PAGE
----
Sunday, January 5, 2014

The Bread Baker

The Midwest is COLD this morning. Not only did we get snow, but wind chills are reaching -45 in some places. Last I heard, they were about -20 or -30 where I'm at. Blarg.

Personally, I've got a baby with a nasty cold on top of the cold outside, which made for a very long night of little sleep.

After two nights of little sleep with the little man, I broke my "no caffeine while breastfeeding" rule this morning and made myself a cup of coffee mixed with Silly Cow Farms hot chocolate mix. I'm currently munching on the bread I baked last night, as well. Ahhhhhhh comfort food.

Yes, that's right. I am now officially one of those annoying people who bakes their own bread instead of buying it at the grocery store, and can't wait to tell you all about good their house smells while it bakes, how wonderful it tastes, how nothing on earth they just can't help themselves.

I use the term "annoying" because I was always jealous of people who baked their own bread. I always thought it was some long, drawn out and complicated process that only superior moms, cultured foodies and sophisticated people who were generally "better" than me could manage.

Until I tried this recipe. I've been converted! Good Lord, basic yeast bread is so easy peasy that after making this recipe three or four times, I can pretty much do it blind folded.

Please don't challenge me to prove that though.

So here's what you need to make these babies.

5 cups white all-purpose flour
2 tablespoons yeast (or 2 x 7g pkts)
2 tablespoons sugar
1 teaspoon salt
2 cups warm-hot water
1/4 cup cooking oil

Here's what you do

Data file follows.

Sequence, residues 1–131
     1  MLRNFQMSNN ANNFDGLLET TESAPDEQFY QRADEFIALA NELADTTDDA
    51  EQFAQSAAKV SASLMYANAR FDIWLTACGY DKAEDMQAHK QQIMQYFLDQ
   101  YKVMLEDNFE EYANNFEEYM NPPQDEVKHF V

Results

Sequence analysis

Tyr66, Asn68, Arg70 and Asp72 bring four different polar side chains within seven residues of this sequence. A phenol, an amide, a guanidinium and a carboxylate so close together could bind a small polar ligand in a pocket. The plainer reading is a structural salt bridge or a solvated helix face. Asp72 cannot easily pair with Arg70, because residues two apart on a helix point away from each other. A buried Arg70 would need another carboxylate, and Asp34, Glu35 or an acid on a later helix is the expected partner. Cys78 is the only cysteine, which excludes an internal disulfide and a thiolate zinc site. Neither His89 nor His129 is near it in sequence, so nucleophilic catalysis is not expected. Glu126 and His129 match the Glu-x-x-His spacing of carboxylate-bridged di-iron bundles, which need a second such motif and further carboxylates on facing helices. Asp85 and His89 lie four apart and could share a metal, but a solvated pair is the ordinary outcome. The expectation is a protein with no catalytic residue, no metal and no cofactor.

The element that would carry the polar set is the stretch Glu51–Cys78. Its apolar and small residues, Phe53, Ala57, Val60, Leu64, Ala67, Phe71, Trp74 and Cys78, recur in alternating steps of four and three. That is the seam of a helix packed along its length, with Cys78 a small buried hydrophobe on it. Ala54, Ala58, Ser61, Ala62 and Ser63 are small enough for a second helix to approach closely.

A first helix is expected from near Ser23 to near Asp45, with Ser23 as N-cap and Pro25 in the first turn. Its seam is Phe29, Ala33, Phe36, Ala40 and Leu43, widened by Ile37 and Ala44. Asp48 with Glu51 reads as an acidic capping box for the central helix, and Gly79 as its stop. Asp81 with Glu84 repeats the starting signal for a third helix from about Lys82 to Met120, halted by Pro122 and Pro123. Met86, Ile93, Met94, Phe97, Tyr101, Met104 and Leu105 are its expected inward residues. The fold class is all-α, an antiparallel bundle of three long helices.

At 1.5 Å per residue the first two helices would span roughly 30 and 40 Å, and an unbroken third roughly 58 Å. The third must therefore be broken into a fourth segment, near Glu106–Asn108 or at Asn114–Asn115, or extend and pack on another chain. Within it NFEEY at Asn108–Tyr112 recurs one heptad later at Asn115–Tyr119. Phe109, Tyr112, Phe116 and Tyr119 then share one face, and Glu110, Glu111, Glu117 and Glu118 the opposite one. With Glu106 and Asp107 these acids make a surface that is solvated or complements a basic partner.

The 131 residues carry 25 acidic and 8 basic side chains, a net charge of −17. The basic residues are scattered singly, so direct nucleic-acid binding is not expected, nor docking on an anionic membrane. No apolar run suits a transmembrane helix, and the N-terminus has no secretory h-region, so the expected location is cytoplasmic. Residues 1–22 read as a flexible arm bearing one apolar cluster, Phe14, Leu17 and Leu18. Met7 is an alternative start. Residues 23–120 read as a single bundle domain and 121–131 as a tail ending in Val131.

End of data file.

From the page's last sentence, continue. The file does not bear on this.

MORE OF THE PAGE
1.Put 4 cups of the flour, yeast, sugar and salt into large bowl.
2.Pour in hot water and oil and mix until combined- it will be sticky.
3.Add the remaining flour in increments until dough is no longer sticky.
4.Knead for about 5 minutes until dough is elastic and smooth.
5.Place dough back into bowl and cover with a damp teatowel and let it rise in a warm place until double its size- about 1/2 hour.(I turn the oven on at the lowest setting for a few minutes, turn it off, then place my bowl inside)
6.Punch it down and divide dough into two pieces.
7.Roll pieces long enough to fill two well oiled loaf pans and leave to rise until dough has reached the rim of the pan.
8.Bake at 400F for 40 minutes.
9.Rub hot breads with water and wrap in a teatowel to'sweat' to soften the crust.

Bread making is almost a spiritual experience for me. You take your simple ingredients and you quietly and purposefully work them into this food that nourishes your family and is a cornerstone of their existence. It is a powerful feeling.

Or maybe that's just the Laura Ingalls Wilder in me romanticising. Maybe.

Kneading really is a great stress reliever, though. And it works your arms. It is also a nice time to meditate. Truly.

One of the best things about this recipe is that it is a great platform to experiment with. It bakes up perfectly if you swap non-dairy and/or gluten free ingredients. You can add more sugar some cinnamon and raisins for a sweeter bread, or herbs and cheese for savoury bread. You can break it up into smaller portions for rolls, or buns. And it is incredibly easy and fairly quick to produce.

 I mix it exactly as the recipe calls to, but instead of baking in pans, I just place two formed loaves on a buttered up cookie sheet. They bake in less time that way. My loaves are always done around the thirty minute mark instead of forty.

I also don't wrap the loaves after baking, and the crust comes out crusty on the bottom but soft on the top. Just the way I want!

Now that I've made this recipe several times, I'm not really allowed to run out of bread anymore. The Kid is constantly asking for it. And The Husband loves to take thick sandwiches to work. It also perfectly accompanies soups and makes a fine french toast.

We like these loaves so much that I actually made a batch(broken into three medium loaves) for my father-in-law as a Christmas present. I mean, the man has everything he wants and is not easily impressed, but he does enjoy things that are useful and good food. I think fresh baked bread was an appropriate gift. He seemed to enjoy it.

So take it from me, the extremely unsophisticated home cook, if you're looking for a recipe to help you overcome your inferiority bread complex, this is this one. You'll get beautiful, tasty loaves every time, and you'll probably never look back, because that stuff on the shelf with all the extra and unnecessary ingredients just doesn't compare.

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